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Awards
By Richard Meneghello
I recently wrote about the January 25 decision from the National Labor Relations Board that makes it easier for businesses to classify their workers as independent contractors (SuperShuttle DFW, Inc.).
By Shaun Voigt, Anthony Guzman, Aaron D. Langberg
A California Court of Appeal just announced a sweeping change in California's reporting time pay rules which now prohibits a common scheduling practice used by employers throughout the state (Ward v. Tilly's, Inc.).
By Charles Caulkins
The Florida Supreme Court on Tuesday blocked a Miami Beach law that would have raised the minimum wage in the city.
By Sadé Tidwell, Ebony Hayes
We previously summarized the state-level minimum wage increases for 2019
By Robert Fallah
On January 25, 2019, the Illinois State Supreme Court ruled that the state's Biometric Information Privacy Act (BIPA)
By Shanon Stevenson
The federal government just published its final rule amending the regulations that will govern petitions filed under the H-1B work visa lottery.
By Eric T. Baginski, Rosemary Gousman, David Treibman
New Jersey has joined the ranks of California, New York, Massachusetts, and Washington D.C. in adopting legislation that will gradually increase the state's minimum wage to $15 an hour for most employees.
By Samuel Lillard, Sarah Moore
In one of his last acts in office, former Governor Rick Snyder signed Michigan's Paid Medical Leave Act into law, which will for the first time require employers in the state to provide paid sick leave to their workforces.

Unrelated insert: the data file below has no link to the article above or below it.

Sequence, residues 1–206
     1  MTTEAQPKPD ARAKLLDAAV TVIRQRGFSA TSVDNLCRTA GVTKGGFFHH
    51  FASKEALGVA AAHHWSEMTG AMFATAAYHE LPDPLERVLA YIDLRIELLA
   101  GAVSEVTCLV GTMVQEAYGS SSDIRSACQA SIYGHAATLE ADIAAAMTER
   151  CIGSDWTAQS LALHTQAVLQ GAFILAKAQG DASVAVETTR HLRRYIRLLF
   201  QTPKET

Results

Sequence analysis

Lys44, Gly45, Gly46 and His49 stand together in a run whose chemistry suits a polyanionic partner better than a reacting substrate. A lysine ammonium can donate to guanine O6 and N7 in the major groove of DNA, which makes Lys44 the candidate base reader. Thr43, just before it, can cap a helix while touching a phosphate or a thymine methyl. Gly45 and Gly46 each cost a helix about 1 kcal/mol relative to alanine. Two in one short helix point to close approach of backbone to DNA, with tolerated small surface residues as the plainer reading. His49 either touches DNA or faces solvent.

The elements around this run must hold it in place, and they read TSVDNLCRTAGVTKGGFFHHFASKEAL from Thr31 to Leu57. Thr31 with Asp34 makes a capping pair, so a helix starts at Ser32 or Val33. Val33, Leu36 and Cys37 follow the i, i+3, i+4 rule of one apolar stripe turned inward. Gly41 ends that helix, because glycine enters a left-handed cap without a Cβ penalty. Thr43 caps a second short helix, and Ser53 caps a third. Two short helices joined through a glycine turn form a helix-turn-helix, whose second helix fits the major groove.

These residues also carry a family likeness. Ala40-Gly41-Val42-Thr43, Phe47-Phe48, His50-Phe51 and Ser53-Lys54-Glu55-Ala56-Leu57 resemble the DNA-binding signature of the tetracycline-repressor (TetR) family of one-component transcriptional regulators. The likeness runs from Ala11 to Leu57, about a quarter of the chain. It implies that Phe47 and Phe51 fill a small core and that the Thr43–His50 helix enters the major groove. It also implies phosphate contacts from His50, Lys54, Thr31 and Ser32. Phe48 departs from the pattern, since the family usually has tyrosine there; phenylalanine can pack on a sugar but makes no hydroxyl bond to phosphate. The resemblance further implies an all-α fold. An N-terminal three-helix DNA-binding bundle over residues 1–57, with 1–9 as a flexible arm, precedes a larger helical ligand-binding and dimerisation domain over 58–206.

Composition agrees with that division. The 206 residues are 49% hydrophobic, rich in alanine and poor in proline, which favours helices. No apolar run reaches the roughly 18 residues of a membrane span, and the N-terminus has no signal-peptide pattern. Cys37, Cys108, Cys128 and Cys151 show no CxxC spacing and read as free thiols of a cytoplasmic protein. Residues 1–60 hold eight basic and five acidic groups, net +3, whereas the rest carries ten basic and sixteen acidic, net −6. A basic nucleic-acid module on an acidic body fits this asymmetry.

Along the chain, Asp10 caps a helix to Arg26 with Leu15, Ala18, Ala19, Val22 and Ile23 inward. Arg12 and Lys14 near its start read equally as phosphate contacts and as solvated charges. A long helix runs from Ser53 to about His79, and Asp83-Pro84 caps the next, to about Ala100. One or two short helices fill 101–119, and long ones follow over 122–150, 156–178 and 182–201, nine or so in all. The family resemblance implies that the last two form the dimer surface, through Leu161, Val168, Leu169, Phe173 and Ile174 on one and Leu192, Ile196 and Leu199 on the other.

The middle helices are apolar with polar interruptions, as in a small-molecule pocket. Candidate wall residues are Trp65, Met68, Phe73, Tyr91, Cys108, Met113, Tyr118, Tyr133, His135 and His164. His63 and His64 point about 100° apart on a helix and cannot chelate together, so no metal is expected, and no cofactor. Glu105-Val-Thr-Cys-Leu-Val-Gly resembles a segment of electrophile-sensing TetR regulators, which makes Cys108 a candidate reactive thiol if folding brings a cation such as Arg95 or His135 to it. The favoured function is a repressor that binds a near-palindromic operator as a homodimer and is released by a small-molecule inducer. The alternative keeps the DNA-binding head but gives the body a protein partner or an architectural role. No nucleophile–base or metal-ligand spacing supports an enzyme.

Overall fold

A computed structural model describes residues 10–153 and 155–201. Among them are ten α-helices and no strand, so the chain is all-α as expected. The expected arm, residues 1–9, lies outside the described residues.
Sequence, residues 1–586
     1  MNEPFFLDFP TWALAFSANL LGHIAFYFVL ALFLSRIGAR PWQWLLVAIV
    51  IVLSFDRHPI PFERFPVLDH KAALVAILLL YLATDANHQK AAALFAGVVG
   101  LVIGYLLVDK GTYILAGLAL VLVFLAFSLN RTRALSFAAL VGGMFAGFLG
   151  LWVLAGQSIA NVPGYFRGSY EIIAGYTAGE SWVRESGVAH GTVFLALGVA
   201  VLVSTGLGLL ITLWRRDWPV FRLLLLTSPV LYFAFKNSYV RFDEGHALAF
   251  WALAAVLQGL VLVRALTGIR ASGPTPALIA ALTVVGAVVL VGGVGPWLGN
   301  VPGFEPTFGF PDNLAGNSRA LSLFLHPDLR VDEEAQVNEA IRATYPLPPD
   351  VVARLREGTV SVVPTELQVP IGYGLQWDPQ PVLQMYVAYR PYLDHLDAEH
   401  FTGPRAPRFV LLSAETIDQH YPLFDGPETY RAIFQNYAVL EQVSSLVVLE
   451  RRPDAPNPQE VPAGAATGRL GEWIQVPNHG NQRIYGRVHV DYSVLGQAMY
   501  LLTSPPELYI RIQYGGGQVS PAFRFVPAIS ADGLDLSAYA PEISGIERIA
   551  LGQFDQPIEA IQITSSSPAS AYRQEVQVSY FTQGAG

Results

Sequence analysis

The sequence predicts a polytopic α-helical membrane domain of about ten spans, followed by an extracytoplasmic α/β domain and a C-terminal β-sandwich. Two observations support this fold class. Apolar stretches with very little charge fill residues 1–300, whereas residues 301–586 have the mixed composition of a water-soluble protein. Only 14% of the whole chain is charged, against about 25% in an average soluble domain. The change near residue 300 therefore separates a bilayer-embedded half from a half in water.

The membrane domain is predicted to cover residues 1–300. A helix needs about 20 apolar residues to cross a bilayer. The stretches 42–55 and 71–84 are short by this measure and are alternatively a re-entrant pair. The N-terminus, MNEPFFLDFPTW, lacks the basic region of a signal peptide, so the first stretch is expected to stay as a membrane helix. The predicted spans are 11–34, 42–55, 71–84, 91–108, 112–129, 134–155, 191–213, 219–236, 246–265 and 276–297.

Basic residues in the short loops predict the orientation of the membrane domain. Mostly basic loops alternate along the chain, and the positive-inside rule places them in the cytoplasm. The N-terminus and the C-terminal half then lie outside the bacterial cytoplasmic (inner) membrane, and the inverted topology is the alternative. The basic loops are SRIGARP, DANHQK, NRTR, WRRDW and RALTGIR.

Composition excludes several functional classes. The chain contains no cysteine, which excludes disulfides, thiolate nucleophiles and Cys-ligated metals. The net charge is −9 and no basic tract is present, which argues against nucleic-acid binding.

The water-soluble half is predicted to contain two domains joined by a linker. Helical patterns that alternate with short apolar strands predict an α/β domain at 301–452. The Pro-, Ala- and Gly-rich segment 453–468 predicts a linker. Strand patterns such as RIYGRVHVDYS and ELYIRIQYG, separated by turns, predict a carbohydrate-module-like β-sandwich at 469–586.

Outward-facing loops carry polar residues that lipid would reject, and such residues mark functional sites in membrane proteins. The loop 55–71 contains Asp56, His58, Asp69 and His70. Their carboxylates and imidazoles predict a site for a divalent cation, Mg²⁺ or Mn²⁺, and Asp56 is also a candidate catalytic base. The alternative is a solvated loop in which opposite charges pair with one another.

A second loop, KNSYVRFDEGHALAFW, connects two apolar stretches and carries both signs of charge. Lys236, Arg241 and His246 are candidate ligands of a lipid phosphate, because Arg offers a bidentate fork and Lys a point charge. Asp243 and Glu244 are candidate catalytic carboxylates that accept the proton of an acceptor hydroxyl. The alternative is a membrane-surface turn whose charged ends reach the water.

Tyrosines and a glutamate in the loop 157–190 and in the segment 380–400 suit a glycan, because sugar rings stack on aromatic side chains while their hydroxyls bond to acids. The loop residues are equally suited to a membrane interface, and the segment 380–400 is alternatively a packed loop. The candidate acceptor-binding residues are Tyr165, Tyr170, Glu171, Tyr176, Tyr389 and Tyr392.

By Stephanie R. Alexander, Catharine Morisset
Stephanie and Catharine explain that leave laws continue to be complex, but they urge employers to have a written policy on paid sick leave.
By Todd B. Logsdon
Indiana GOP lawmaker and Chamber of Commerce join forces to support a bill to require a penalty for workplace fatalities of $100,000 per employee killed.
By David Klass, Travis Vance
An accident happens and an employee is seriously injured and admitted to the hospital. Not only does the company need to conduct an investigation into what happened, but it must report the injury to OSHA as well.
By Cheryl Behymer
Employers received a bit of good news today as the federal government announced the deadline for submitting their EEO-1 reports has been extended until May 31.
By Howard Mavity
Until the 1950s, tuberculosis terrified people in both developed and undeveloped countries, causing thousands of sanitariums to "isolate" patients.
By Eric T. Baginski, Cheryl Behymer, Steven Bernstein, Caroline Brown, Felix Digilov, David Klass, Todd B. Logsdon, Reyburn Lominack III, Howard Mavity, Richard Meneghello, Joshua Nadreau, Melissa Osipoff, Mathew Parker, Thomas Rebel, Justin Reiter, Anderson Scott, Shanon Stevenson, Travis Vance, Franklin Wolf, Sara A. Zimmerman
It's hard to keep up with all the recent changes to labor and employment law. While the law always seems to evolve at a rapid pace ...
By Christopher Alvarez, Crystal Trotter
Consider the all-too-real scenario of meeting with your employee for a disciplinary discussion. At the start of the meeting, he innocently puts his phone face down on the table.
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